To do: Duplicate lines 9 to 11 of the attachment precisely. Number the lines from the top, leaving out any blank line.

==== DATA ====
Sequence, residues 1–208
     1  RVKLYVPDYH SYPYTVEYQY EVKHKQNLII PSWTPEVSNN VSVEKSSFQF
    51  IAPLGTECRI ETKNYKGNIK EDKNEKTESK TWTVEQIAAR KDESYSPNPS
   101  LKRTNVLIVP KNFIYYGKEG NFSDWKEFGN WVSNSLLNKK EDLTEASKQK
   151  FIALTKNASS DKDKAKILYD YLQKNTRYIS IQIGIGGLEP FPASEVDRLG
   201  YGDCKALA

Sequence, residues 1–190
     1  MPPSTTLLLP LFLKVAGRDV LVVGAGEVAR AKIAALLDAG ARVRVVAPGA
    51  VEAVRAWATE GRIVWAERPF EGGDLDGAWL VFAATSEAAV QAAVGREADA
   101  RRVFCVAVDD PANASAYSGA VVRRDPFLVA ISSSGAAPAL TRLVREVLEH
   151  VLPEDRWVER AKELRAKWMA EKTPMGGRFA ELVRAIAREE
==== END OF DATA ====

    51  VEAVRAWATE GRIVWAERPF EGGDLDGAWL VFAATSEAAV QAAVGREADA
   101  RRVFCVAVDD PANASAYSGA VVRRDPFLVA ISSSGAAPAL TRLVREVLEH
   151  VLPEDRWVER AKELRAKWMA EKTPMGGRFA ELVRAIAREE